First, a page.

Since you’re so focused on ICP which is mostly used to run webapps, I can also think of why [Sia](https://sia.tech/)/%5BSkynet%5D(https://skynetlabs.com/) can be useful. Skynet bases itself on the Sia blockchain, where any user can upload a file or a database entry through a portal, self-hosted, private, or public. With cryptographic proofs, it is possible to verify that files are not lost, are re-generated, are legitimate (i.e., not spoofed by the potentially malicious portal) – all while keeping prices low at [$1.44/TB/mo + bandwidth](https://siastats.info/storage_pricing), and reliability at an assumed [99.9999% uptime and a much larger availability](https://blog.sia.tech/cloud-storage-for-2-tb-mo-8a34043e93bb).

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  2. I think DFinity’s ICP is one of the biggest crypto scams in history.
    Everyone says luna but no one makes a sound about this coin falling from 700-odd dollars to $8

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  3. ICP is the opposite of what blockchain tech is supposed to be:

    – Permissioned developer system with KYC, your access to the blockchain can be revoked at any time

    – Blockchain runs only on specialized node hardware sold by Dfinity and only in selected data centers

    Thanks but no thanks.

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  4. it allows you to host centralized “web3.0” apps on a centralized ledger where everything is centralized and probably less secure than AWS, yes.

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  5. You’re not missing anything. ICP is actually making great strides in smart contract computation efficiency by garbage collecting old state (no need for a replica to verify the entire chain, simply catch up within the current epoch), subnet splitting (replicas only process a subset of the entire networks messages), hybrid permissioned consensus model (stakers determine the topology of the network, rather than completely decentralized wrestling to define the network).

    The network is still able to tolerate Byzantine faults (when a replica attempts to violate the protocol). The main concern is that stakers define the network, and centralization of tokens means total control over the network.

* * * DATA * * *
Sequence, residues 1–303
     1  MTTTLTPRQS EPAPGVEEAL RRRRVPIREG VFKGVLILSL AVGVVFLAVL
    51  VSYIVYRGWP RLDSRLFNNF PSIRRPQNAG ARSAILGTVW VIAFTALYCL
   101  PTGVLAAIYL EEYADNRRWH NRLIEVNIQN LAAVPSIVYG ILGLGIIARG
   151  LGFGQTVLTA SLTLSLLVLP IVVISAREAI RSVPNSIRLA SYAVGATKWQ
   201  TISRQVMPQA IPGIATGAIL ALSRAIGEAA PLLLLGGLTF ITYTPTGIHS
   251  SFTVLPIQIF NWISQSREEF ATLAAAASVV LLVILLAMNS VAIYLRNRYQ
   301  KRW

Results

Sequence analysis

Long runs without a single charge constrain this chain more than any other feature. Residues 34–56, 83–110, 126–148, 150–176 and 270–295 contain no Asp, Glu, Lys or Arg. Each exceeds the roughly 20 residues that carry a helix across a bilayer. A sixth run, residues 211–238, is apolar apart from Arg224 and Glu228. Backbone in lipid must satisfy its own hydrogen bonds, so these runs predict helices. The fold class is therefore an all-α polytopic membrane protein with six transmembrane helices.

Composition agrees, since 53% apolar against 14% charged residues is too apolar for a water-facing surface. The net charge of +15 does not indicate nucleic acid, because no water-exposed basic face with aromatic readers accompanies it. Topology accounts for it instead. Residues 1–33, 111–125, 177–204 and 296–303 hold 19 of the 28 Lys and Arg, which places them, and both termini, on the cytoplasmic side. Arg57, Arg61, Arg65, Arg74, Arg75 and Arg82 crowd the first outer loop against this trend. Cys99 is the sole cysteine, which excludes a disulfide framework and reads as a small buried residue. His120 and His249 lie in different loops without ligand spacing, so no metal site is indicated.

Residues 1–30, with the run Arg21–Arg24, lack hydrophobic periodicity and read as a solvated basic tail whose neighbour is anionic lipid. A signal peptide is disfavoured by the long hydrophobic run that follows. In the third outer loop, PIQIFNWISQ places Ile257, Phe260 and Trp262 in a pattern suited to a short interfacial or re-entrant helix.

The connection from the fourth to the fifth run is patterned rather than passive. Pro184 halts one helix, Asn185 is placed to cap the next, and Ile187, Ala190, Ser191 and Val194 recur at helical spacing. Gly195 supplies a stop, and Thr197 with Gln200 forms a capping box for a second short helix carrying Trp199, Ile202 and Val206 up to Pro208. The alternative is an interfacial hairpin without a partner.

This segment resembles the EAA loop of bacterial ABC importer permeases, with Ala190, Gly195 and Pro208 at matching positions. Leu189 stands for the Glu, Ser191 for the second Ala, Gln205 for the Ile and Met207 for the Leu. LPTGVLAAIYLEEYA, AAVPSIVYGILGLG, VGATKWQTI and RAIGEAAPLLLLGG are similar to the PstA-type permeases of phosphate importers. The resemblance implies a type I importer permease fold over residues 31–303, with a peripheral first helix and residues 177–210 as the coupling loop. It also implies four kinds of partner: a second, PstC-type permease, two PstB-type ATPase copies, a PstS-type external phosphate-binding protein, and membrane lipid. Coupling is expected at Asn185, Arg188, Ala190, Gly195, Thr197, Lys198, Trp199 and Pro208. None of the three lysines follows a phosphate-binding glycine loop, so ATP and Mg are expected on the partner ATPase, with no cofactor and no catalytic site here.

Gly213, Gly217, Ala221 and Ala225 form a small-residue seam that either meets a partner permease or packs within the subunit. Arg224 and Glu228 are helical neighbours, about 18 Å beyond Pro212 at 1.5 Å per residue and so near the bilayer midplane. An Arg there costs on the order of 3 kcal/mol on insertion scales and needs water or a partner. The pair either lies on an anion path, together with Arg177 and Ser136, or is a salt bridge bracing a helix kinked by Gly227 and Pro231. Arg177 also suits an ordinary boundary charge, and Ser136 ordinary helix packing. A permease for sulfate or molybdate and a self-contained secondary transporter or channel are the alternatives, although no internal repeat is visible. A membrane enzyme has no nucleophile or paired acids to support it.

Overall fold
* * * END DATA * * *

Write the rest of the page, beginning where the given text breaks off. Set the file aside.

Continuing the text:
However, many players are entering the space- VCs yes, but also developers:

    1. https://infinityswap.one/
    2. https://twitter.com/psychedelicdao
    3. https://github.com/demergent-labs

    These developers own tokens to forward their own projects.

    There’s also [ICDevs](https://icdevs.org/) which are separate from Dfinity.

    Dfinity owns tokens, yes, and so do VCs. But many other parties are entering the space and creating projects which were never possible on other blockchains.

    ICP is so completely different than other blockchains that people look at it and say- it MUST be a scam, because no other blockchains exist like this. But they make the error of assuming that blockchains **cannot** exist like this. That is why this is one of the greatest dark horses in crypto.

    Also most people here have no computer science background, and distributed computing is an esoteric topic even in computer science circles. The gains that ICP brings cannot be understood by people on this sub; they can’t even grasp basic economics.

    [I bought at $5.50](https://i.imgur.com/TAp3LB9.jpg). That doesn’t mean I can’t be wrong, of course.

    But when sentiment is at rock bottom and [devs are actively building and contributing to the network, I’m bullish.](https://forum.dfinity.org)

    P.S. Y’all can read how the network works: https://internetcomputer.org/whitepaper.pdf

    Edit: downvoted with no rebuttal. Classic. If you’d like to refute my case, I’d love to hear it.

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  6. How is this protocol decentralized? I have played with the testnet just a bit several months ago, but it isnt that different from TRX or EOS tbh, another failed ETH killer.

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  7. Its not always easy to predict the future, but its always obvious in hindsight.

    BTC brought the public ledger. Eth brought smart contracts. ICP brings decentralization.